Phase two of the pilot is now underway with discussions through Associate Deans for Teaching and Learning (ADTL) to help identify the next cohort of DCU staff to participate in this internationally recognised scheme. The next phase also involves the development of a DCU Teaching Excellence Academy where in partnership with the TEU we can harness the experience of our Senior Fellows in supporting the CPD of their colleagues. This initiative recognises the importance of discipline differences along with the complex and distributed nature of teaching expertise, and seeks to build through the Fellowship Scheme transformative pedagogical mindsets for the design of transformative learning experiences. 

Thinking of Going for Fellowship of SEDA? Reflections on the Experience

By Clare Gormley

Having recently completed the SEDA course Supporting and Leading Educational Change (snappily called SLEC), I thought I would share some reflections that might be of interest to those of you considering it. You might, for example, be actively involved in educational  development as a member of a central teaching and learning unit, you might offer postgraduate teaching-related programmes to academic staff, and/or you might lead a team that implements funded projects of a technological and pedagogical nature. If you are toying with the idea of gaining a professional qualification for this type of work, then read on to explore if this course might be a good fit for you.


Course Description

First, some basic facts. This is a 12-week online course that as the website goes is “designed to accredit and advance your work in supporting and leading educational change in further or higher education”.  It is divided into two six-week blocks before and after the Christmas break. Successful completion of the course leads to Fellowship of SEDA (FSEDA).  SEDA is the UK-based Staff and Educational Development Association, a professional body that seeks to promote innovation and good practice in higher education.  Established in 1993, the overall mission of SEDA is to offer members professional learning opportunities, professional recognition, and practice-oriented publications with the ultimate goal of supporting student learning.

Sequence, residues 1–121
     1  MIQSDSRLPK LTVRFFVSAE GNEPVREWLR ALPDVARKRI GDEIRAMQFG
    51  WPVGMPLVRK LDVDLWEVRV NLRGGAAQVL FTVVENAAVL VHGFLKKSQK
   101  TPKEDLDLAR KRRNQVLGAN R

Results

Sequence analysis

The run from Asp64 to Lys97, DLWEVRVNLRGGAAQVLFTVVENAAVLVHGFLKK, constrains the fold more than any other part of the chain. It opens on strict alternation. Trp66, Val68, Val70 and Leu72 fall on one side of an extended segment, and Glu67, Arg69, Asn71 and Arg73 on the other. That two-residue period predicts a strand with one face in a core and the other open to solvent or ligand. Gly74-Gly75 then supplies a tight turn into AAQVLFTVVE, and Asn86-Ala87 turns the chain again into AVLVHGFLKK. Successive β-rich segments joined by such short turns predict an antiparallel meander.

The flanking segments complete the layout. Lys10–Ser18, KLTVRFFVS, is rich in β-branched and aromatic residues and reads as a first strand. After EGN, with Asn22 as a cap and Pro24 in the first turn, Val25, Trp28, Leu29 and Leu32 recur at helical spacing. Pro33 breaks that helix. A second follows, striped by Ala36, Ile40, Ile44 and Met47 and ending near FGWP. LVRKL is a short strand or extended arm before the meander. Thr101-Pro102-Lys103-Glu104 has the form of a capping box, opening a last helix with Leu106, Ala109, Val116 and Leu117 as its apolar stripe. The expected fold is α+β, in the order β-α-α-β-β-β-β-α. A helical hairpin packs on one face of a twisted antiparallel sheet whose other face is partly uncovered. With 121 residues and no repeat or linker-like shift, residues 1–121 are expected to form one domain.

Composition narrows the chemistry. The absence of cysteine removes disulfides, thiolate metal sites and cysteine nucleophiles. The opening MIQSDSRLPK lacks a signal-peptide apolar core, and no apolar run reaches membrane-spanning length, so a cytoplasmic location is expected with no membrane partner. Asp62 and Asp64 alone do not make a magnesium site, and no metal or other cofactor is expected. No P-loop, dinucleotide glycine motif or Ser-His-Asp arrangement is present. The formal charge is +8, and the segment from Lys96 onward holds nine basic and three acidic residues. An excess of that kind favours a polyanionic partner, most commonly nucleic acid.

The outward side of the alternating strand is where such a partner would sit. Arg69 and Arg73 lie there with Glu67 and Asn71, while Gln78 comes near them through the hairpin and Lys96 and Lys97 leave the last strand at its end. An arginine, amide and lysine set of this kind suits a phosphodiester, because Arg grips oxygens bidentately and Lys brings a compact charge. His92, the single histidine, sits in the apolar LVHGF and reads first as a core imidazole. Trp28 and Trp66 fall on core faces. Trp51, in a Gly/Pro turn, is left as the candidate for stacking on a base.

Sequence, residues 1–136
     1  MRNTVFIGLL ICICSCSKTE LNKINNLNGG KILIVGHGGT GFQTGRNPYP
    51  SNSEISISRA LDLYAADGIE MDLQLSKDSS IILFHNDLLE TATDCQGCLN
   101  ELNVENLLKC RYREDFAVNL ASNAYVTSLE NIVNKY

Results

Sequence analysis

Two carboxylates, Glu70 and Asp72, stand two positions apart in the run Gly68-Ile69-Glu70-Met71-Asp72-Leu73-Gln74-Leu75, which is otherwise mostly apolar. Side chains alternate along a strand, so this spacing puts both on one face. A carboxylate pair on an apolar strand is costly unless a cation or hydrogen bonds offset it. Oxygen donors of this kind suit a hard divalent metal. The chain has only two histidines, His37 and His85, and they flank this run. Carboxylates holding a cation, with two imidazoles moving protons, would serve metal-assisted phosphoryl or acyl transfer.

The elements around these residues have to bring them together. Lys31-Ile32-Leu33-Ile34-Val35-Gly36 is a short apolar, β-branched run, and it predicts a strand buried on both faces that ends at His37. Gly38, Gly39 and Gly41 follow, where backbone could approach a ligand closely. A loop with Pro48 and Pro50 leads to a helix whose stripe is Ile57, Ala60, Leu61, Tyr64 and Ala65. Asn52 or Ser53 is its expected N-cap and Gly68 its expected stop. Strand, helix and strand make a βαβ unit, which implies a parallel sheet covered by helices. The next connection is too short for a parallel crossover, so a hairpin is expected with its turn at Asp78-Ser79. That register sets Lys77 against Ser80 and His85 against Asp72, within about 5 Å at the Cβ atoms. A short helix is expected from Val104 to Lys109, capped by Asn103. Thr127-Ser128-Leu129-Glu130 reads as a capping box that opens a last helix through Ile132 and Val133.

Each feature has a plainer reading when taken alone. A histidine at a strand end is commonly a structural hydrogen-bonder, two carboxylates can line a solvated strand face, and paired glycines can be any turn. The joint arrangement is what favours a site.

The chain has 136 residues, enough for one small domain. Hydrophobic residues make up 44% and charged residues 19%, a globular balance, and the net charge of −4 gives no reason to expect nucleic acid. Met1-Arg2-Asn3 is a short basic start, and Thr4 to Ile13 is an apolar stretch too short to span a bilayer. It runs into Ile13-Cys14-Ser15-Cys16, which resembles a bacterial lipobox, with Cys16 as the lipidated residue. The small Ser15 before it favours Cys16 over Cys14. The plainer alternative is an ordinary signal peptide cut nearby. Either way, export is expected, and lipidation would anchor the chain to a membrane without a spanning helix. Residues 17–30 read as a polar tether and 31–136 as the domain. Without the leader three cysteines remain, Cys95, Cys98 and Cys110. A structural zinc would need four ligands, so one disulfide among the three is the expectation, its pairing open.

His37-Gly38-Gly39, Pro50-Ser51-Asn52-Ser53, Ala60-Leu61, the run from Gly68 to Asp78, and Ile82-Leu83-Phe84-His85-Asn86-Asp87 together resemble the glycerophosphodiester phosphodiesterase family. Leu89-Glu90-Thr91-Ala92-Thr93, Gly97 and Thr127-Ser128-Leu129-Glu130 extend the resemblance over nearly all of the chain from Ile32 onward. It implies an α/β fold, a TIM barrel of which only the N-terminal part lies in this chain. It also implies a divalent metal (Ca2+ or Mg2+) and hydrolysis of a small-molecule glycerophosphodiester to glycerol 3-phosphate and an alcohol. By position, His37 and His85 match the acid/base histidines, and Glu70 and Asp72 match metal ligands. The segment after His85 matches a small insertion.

As someone who has worked in academic development for a number of years, but who did not have a qualification in that specific field, I felt it was time to give time to probe and more deeply reflect on the way I have been approaching my role. I wasn’t looking for CPD that focused primarily on the science and craft of teaching, I wanted something that was tailored to a role where you are supporting and hopefully enabling other staff to develop as teachers.  To my mind the distinction is important and the big questions for educational developers are very different: Are there better ways of evaluating the impact of various initiatives we are spending time and money on? How are other institutions designing and offering their CPD for maximum gain? Are we doing the right thing as regards the opportunities in place to support the sharing of teaching practice? Am I doing what I really should be doing in my job? These were the types of questions I wanted to explore and develop more confidence in through learning from an international community of peers.

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[You can read the remainder of Clare’s reflections on her SEDA Fellowship experience on her personal blog].